Internet Governance

Internet Governance #

  • Motivation: little central coordination between ISPs; everyone makes their own commercial decisions
    • But: other aspects need centralized organization, e.g.
      • DNS and name registration
      • IP and MAC address allocation
      • WHOIS
      • Port numbers
      • Protocol identifiers

Internet Assigned Numbers Authority (IANA) #

  • Originally: Jon Postel as “czar” of port numbers (RFC 322)
  • Postel’s efforts eventually became Internet Assigned Numbers Authority (IANA)
    • Became official in ~1988, when DARPA provided funding to USC to maintain functions
    • In 1988, IANA control transferred to ICANN (see DNS notes)
  • ICANN contracts out IANA’s operations to Public Technical Identifiers (PTI) to maintain infrastructure

More on ICANN #

Domain’s and gTLDs #

  • Originally 7 gTLDs (com, org, net, int, edu, gov, mil)
    • net originally used for internet infra operators
    • arpa used for reverse DNS pointer lookups
    • Generic restricted: biz, name, pro for specific purposes
    • Sponsored: aero, asia, jobs, travel for specific industries
  • In 2011, ICANN began selling gTLDs for $185,000

Verisign and .com TLDs #

  • IANA/ICANN doesn’t run TLDs themselves – they approve and delegate control by issuing NS records that point to other providers
  • Historically: SRI and then Network Solutions controlled .com TLD
  • In 2000, Verisign acquired Network Solutions and became .com, .net, .org registry
    • Continues to be provider under ICANN regulation and contract
    • ICANN sets terms such as maximum that Verisign can charge registrars per domain ($8.39 since 2021)

The .org dispute #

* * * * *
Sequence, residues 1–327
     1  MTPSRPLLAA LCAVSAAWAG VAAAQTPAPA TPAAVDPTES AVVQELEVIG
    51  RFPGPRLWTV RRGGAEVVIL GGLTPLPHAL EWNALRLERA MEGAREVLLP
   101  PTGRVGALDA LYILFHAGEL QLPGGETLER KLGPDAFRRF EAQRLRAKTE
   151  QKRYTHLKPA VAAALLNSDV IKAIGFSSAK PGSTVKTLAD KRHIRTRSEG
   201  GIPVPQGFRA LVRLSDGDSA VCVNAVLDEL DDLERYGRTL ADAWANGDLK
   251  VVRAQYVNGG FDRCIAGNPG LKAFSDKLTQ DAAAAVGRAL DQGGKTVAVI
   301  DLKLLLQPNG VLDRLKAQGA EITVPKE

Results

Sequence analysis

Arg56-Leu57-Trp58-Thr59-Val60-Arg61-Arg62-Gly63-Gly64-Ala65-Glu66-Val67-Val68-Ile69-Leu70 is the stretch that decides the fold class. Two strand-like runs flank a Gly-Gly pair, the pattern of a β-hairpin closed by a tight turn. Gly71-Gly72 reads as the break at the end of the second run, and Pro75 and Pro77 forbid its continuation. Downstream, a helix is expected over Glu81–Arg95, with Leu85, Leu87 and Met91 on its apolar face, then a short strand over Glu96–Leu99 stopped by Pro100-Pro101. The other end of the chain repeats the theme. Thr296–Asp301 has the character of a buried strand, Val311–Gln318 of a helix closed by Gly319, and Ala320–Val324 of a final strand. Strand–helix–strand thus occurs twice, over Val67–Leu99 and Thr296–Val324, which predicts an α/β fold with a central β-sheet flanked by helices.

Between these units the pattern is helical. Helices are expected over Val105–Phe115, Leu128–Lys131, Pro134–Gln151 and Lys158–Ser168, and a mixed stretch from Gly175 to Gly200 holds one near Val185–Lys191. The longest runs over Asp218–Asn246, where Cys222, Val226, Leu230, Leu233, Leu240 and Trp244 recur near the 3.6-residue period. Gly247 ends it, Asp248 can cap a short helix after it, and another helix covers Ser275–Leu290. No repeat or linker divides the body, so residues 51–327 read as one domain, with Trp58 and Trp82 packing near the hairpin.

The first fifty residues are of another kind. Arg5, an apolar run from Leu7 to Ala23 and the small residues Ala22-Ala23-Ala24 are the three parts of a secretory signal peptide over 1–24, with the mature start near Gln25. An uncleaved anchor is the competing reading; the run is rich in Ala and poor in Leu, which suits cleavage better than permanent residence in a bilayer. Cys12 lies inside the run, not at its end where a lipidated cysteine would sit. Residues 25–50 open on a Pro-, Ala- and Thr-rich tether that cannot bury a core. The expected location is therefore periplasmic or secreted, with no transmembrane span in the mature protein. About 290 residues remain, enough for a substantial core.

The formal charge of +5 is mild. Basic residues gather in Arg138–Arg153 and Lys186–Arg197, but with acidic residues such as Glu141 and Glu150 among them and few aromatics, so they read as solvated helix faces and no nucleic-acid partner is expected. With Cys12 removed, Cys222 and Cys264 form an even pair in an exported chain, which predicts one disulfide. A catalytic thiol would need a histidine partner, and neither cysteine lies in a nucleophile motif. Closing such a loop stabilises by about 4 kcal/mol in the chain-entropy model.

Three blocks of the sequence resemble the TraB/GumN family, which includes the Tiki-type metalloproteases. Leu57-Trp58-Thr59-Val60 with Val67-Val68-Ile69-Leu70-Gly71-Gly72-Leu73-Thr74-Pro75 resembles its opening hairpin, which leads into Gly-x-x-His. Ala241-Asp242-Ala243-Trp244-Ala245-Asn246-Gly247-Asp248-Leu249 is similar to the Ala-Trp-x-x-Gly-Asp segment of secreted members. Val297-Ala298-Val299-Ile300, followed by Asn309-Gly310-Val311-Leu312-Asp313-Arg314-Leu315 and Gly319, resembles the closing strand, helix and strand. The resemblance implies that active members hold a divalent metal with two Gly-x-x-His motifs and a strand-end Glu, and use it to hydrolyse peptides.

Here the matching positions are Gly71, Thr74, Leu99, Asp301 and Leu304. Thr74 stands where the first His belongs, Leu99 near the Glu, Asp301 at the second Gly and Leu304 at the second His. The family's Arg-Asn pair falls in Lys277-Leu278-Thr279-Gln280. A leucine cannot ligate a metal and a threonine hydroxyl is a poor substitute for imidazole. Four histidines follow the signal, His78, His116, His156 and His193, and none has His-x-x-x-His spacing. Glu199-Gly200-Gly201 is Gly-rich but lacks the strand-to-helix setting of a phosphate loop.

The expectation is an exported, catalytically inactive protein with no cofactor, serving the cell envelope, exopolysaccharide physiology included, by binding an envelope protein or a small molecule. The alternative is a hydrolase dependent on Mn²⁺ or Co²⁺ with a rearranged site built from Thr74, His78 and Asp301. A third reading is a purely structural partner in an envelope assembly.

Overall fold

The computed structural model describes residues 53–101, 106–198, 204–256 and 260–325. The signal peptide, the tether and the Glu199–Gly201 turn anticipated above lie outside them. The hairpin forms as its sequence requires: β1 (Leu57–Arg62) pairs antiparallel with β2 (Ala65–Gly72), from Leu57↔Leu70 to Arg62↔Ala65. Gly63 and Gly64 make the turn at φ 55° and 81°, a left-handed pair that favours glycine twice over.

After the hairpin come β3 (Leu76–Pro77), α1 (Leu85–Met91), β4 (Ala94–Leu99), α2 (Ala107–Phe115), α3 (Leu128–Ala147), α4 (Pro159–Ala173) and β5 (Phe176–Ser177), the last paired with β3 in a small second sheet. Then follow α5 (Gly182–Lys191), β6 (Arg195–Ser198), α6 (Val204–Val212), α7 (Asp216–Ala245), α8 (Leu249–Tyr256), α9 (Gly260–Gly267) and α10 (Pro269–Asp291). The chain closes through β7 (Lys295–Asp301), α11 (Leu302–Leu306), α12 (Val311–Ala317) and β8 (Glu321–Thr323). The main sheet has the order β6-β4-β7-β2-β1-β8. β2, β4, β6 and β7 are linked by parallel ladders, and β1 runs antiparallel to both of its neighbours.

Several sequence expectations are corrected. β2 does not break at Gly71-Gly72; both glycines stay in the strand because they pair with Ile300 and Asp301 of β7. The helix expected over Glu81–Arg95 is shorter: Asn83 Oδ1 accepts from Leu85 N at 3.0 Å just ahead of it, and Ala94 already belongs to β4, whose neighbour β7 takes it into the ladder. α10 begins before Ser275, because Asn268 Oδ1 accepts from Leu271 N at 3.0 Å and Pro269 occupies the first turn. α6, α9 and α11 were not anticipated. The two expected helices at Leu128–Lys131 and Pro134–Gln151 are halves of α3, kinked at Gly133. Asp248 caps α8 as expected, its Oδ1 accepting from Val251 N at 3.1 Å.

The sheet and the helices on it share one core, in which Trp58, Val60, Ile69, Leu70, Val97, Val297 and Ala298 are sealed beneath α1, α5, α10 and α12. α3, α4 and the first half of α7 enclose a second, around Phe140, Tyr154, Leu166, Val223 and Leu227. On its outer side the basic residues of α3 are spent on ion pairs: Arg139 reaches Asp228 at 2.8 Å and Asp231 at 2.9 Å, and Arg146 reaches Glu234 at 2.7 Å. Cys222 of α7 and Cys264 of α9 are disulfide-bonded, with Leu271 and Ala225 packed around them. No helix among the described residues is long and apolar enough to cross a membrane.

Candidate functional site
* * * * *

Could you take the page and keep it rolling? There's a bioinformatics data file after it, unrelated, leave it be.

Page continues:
• In 2003, Verisign transferred control of the .org TLD to the Internet Society (ISOC)
    • Widely understood the reason was to financially support ISOC
    • In 2018, PIR (ISOC subsidiary) revenue from .org was over $92M
    • Technically, PIR contracts work out to Afilias, who runs many ccTLDs
  • In 2018, ISOC tried to sell PIR to a private equity firm
    • However, transfer required ICANN’s approval
    • Significant external concern, incl. from California AG’s office
    • ICANN ultimately blocked the transfer

Regional Internet Registries (RIRs) and the exhaustion of IPv4 #

  • 5 RIRs:
    • AFRINIC (Africa)
    • APNIC (Asia-Pacific)
    • ARIN (North America)
    • LACNIC (Latin America)
    • RIPE NCC (Europe, former Soviet Bloc, Middle East)
  • In mid-2010s, IANA and subsequently RIRs ran out of all unallocated IPv4 blocks
    • Last was AFRINIC in Sep 2017
    • Partially due to bad early IPv4 allocation decisions, e.g.
      • Stanford (two /8s, much returned by 2000)
      • MIT (sold half of in 2017)
  • IP markets: permissible to transfer ownership (i.e. sell) IP blocks larger than /24
    • Transfers approved by RIRs: ensures that desination organization has good reason for number of IPs purchased
    • Prices increase; as of early 2022 ~$30.00 per IPv4 addresses
    • Example price on /24 for $14,080, /21 for $112,640
    • Attracts investors to squat IP addresses due to prices going up
  • In some regions, ISPs have ran out of IPv4 addresses to assign to end users
    • Indicated by very short DHCP leases, or some ISPs (e.g., mobile) are entirely NATted, so no end users get a public IPv4 address